The Johnson & Johnson Vaccine Pause Is Good News for Taking Women’s Health Seriously – Teen Vogue

But womens health researchers say that the state of birth control research has improved significantly since the pill was first introduced in the 1960s. And thanks to advocacy that started decades ago and pushed for womens inclusion generally in clinical trials in the 1990s, women were equitably represented in the COVID vaccine trials. Now, as federal regulators monitor the Johnson & Johnson vaccine, advocates say its vital that doctors listen to women who report symptoms of clots.

Any woman whos asked her doctor why she has polycystic ovarian syndrome has likely heard, I dont know. Like so many other reproductive issues that go understudied, doctors don't yet know what exactly causes this condition. And given that lack of adequate research on reproductive health, Cynthia Pearson, executive director of the National Womens Health Network thinks it makes sense that theres an untapped well [of frustration] thats right there ready when any worrisome thing develops in the world of womens health.

We, to this day, do not know why uterine fibroids happen. We don't understand nearly as much as we need to about endometriosis. Theres no test for ovarian cancer, she says. But, thanks to the tireless work of advocates, the state of womens health has dramatically improved. That includes in research around blood clots and birth control.

The problem in the early days was that the results the very, very early results that showed the blood clot risk of these high dose oral contraceptives were dismissed. And once they were accepted by authors, they weren't shared with women, said Pearson. In that doctor-knows-best era, women were not able to protect themselves by taking quick action when they develop[ed] warning signs of a complication, because they didnt know what to look for.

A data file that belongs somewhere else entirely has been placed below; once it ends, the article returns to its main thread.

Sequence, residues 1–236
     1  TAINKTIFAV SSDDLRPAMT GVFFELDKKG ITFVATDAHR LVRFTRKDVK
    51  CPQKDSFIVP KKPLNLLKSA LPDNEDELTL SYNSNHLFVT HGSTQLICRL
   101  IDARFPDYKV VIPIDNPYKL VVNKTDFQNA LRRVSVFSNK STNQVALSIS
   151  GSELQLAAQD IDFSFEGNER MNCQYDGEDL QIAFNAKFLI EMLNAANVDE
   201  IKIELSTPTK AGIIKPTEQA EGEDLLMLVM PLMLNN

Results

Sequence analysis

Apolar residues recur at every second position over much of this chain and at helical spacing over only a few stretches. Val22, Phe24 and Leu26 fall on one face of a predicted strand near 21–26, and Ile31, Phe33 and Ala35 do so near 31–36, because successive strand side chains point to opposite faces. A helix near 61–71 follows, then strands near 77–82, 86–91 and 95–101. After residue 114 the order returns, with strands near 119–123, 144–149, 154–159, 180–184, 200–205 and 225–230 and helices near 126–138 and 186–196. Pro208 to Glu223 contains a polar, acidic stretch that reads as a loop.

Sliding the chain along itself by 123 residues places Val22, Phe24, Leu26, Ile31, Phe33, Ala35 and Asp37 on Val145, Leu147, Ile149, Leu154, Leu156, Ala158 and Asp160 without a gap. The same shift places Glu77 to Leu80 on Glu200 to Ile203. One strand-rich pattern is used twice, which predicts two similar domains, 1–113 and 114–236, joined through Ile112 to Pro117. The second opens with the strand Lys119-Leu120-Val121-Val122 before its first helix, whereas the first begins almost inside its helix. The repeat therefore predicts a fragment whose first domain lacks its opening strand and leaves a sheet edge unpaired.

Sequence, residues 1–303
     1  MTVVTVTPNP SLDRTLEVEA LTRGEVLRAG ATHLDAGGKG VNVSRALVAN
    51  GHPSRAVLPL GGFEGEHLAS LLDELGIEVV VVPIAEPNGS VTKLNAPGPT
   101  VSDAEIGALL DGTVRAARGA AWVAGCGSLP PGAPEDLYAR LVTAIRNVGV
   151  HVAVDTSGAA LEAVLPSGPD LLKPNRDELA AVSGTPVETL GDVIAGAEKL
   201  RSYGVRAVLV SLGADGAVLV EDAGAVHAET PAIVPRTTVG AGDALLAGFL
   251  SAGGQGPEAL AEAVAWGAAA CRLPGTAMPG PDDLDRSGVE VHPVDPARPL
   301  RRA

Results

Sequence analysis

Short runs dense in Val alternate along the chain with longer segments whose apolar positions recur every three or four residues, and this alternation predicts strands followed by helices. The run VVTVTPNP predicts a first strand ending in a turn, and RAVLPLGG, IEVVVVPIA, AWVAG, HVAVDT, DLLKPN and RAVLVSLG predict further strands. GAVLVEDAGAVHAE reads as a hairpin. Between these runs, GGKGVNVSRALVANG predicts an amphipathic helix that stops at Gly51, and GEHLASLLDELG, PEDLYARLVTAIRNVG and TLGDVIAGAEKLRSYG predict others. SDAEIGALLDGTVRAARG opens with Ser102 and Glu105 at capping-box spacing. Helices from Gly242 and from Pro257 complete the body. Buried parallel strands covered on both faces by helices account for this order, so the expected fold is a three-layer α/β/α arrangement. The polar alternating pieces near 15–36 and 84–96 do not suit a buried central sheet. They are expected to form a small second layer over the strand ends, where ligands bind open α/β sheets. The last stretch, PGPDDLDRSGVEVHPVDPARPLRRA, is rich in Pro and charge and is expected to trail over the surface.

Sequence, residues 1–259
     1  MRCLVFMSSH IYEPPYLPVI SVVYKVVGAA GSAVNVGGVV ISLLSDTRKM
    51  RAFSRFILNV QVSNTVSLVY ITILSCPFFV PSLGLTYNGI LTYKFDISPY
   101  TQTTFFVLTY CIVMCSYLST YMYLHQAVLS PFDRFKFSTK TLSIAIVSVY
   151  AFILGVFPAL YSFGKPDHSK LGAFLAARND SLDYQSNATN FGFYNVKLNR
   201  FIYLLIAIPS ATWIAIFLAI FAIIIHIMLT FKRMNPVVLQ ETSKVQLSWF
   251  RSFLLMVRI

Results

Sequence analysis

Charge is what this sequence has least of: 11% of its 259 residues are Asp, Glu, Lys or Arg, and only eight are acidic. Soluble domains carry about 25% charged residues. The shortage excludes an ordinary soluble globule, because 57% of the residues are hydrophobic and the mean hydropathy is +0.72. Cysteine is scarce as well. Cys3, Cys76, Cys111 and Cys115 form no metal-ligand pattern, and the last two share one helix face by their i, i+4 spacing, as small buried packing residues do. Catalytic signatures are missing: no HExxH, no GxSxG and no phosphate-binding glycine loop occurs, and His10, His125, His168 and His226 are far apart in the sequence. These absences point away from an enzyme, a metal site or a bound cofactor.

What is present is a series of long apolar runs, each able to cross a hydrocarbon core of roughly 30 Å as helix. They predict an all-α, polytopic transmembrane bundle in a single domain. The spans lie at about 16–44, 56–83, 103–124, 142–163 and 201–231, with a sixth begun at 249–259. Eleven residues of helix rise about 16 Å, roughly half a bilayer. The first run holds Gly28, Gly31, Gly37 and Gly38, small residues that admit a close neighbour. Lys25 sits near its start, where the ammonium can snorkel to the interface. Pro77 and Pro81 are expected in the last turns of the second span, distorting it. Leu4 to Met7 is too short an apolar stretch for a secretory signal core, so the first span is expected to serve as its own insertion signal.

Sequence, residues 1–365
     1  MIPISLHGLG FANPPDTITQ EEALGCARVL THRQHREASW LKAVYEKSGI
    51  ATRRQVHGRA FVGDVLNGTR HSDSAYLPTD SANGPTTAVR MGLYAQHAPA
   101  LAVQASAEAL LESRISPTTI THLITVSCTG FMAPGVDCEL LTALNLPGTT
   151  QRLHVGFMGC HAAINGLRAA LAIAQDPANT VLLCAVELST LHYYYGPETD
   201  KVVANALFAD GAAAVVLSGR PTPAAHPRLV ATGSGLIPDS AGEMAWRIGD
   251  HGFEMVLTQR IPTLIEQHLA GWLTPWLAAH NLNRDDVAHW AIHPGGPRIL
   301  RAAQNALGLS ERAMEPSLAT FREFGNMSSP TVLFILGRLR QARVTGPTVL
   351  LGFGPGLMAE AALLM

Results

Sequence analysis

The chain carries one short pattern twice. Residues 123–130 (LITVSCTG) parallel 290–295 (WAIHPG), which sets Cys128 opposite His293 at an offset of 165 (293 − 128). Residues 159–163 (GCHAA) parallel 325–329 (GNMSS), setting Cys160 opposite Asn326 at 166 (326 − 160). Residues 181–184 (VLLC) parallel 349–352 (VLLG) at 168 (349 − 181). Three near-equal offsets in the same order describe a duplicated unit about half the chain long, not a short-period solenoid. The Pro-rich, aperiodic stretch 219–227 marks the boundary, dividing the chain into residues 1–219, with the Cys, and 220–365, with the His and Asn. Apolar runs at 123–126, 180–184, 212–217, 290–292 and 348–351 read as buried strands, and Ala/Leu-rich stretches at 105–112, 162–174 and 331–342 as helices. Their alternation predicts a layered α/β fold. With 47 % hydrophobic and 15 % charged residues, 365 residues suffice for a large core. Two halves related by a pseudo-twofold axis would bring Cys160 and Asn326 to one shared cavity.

In 1970, the U.S. Senate convened experts to testify on the safety of the pill and women audience members, outraged that no patients had been included in the hearings, began shouting out their concerns. That was the birth of the womens health movement in the United States, said Pearson. As a result of the pill hearings, drug manufacturers lowered the estrogen levels in oral contraceptives significantly.

The womens health movement returned to Congress 20 years later when congresswomen, speaking from their own lived experiences began questioning the gendered gaps in medical research about cancer, cardiovascular disease and other conditions. In 1990, the National Institutes of Health opened its Office of Research on Womens Health. Shortly after, the NIHs National Heart, Lung, and Blood Institute launched the Womens Health Initiative, which, alongside research into heart disease, cancer and osteoporosis, assessed the risks of combination hormone use in postmenopausal women. Then, in 1993, congress passed the Revitalization Act, requiring the NIH to include women and minorities previously often excluded from trials in clinical research. Today, Health and Human Services, the Centers for Disease Control and Prevention, and the Food and Drug Administration all have offices on womens health.

As a result, says Carolyn Westhoff, editor-in-chief of the journal Contraception and professor of reproductive health at Columbia University, birth control is very well studied these days.

In the US and Europe every single new hormonal contraceptive must have follow-up studies to assess clot risks. These studies typically include 100,000 women, a huge number for a clinical trial, she says. Substantial research is aimed at identifying the clot risks associated with the many hormonal contraceptives, but because these types of clots are so rare research has not been able to identify big differences between the formulations. The main aims of research now are to identify women most at risk for clots and develop safer contraceptives.

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The Johnson & Johnson Vaccine Pause Is Good News for Taking Women's Health Seriously - Teen Vogue

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